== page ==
Compton Mentor Fellowships
Fellowship Awards in 2004
Sara Connarley – Clark University
Sara will work with Catholic AIDS Action (CAA) to develop HIV/AIDS education and prevention outreach programs in the informal settlements in Katutura, Namibia. Sara’s project is centered on an action-oriented research model that incorporates both direct service and research components. She will systematically document her experience searching for understandings and patterns in an effort to develop a resource guide for volunteers and staff members working with HIV/AIDS education programs.
Sara’s mentor, Tinah Rajaal is Regional Director of Catholic AIDS Action at Bernhard Nordkamp Centre, in Katutura. She is a social worker with 20 years of field experience.
Elijah Edwards – Morehouse College
Elijah’s project seeks to increase the involvement of black males in civic activities/community relations. Elijah will undertake a study of community organizations within low and mixed income urban communities that have established community associations with measurable results. The study’s objective is to identify the leading causes of the gap between community leadership and community participation on the part of elders of these community groups and younger African American men. In addition, the project will develop a mentor -training curriculum and participation program in association with established activist organizations, local community associations, and national minority organizations.
Elijah’s mentor, Todd Barnett, is the Gear-Up Network Coordinator for University of Chicago’s Center for School Improvement. Mr. Barnett has played a key role in the development and management of merit and need based scholarship programs for many of the parochial and public educational institutions throughout Cook County.
Leah Goodridge – Vassar College
Over the next year, Leah will work with El Instituto Dominicano de Desarrollo Integral (Dominican Institute for Integral Development) to develop a youth mentoring program for adolescent girls and to organize a series of sex education seminars. According to UNAIDS, “HIV/AIDS is now the leading cause of death among women of reproductive age,” in the Dominican Republic. ‘Reproductive age’ is all too often adolescent age. Through a variety of experience-based activities, that will include: field trips, playwriting on gender issues, leadership dynamics, mentoring, and sex education seminars, Leah will develop a set of self-empowerment tools to assist adolescent girls contribute to their community/society.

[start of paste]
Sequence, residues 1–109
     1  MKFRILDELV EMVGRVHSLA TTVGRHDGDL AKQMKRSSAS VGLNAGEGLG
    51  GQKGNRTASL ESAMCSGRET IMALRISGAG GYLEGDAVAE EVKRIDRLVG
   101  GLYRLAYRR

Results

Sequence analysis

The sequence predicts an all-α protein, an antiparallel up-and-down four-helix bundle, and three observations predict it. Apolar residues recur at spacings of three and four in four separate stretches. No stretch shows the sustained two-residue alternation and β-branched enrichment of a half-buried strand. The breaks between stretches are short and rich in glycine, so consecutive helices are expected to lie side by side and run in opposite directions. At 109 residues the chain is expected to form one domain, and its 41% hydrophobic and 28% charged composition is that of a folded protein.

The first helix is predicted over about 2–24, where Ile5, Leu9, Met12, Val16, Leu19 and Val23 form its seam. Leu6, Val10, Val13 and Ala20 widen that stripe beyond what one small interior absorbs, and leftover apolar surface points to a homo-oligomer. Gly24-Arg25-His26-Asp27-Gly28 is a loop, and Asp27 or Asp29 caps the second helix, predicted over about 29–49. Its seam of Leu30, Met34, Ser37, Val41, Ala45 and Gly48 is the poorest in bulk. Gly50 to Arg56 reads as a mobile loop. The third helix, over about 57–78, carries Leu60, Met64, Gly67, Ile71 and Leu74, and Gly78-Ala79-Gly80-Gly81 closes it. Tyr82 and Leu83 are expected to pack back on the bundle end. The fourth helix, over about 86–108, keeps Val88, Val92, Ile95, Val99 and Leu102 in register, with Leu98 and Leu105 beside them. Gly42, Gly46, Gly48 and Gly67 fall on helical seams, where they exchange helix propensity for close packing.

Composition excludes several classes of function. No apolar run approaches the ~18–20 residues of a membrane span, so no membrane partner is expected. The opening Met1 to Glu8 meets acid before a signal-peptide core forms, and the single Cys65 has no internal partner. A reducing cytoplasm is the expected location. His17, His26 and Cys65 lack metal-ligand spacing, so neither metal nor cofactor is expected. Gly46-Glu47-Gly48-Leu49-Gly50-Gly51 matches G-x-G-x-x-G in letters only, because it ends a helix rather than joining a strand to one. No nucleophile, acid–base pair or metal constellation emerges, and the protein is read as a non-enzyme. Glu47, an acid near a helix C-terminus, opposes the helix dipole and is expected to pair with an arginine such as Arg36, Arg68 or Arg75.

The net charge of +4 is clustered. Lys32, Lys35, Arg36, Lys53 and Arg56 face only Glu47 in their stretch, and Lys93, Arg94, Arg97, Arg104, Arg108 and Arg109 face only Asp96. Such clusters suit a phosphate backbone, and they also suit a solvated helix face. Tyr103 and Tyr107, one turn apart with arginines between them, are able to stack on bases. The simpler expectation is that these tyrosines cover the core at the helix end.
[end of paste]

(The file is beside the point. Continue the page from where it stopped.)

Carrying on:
Leah’s mentor, David Luther, is the Executive Director of El Instituto Dominicano de Desarrollo Integral, a family planning organization established in 1984. Mr. Luther has served as a journalist, consultant with organizations within the United Nations and a Board Member to family planning initiatives.
Stella Lawson – Berea College
Stella’s project focuses on the establishment of a healthy, sustainable food store and community kitchen in Bayview Hunters Point, San Francisco. She will be working with youth community organizers in the promotion of food security in one of California’s most environmentally polluted communities. In addition, Stella will be involved in on-going work to provide local merchants with incentives to carry healthy, sustainable and culturally appropriate foods thus increasing food access in the community.
Stella’s mentor, Dana Lanza founded Literacy for Environmental Justice (LEJ) at the age of 28 years old, she continues to serve as Executive Director. Dana holds a Masters degree from The California Institute of Integral Studies in Socio-Cultural Anthropology, and a B.A. from Boston College. Her expertise is in organizational development, youth programming, and urban environmental education.
Eden Trenor – Oberlin College
With the intention of revitalizing public spaces, Eden’s project seeks to open a Farmers' Market in her hometown, the small coastal city of Mukilteo, Washington. The market will provide a venue for local food growers and producers to sell directly to consumers; for farmers and consumers to exchange information, particularly regarding the values and practices involved in sustainable, organic and small-scale agriculture. The market will be structured to create increased access and opportunities for low-income families, women and senior residents. Furthermore, the
market will be part of a wider program designed to encourage residents of Mukilteo and the surrounding areas to personally participate and invest in the community.
Eden’s mentor, Jon Hegeman is responsible for establishing the oldest and largest neighborhood outdoor market in Puget Sound, as well as the Fremont, Denver and Berkeley Outdoor Cinemas. He has worked in East London and in numerous other international locations on community development projects.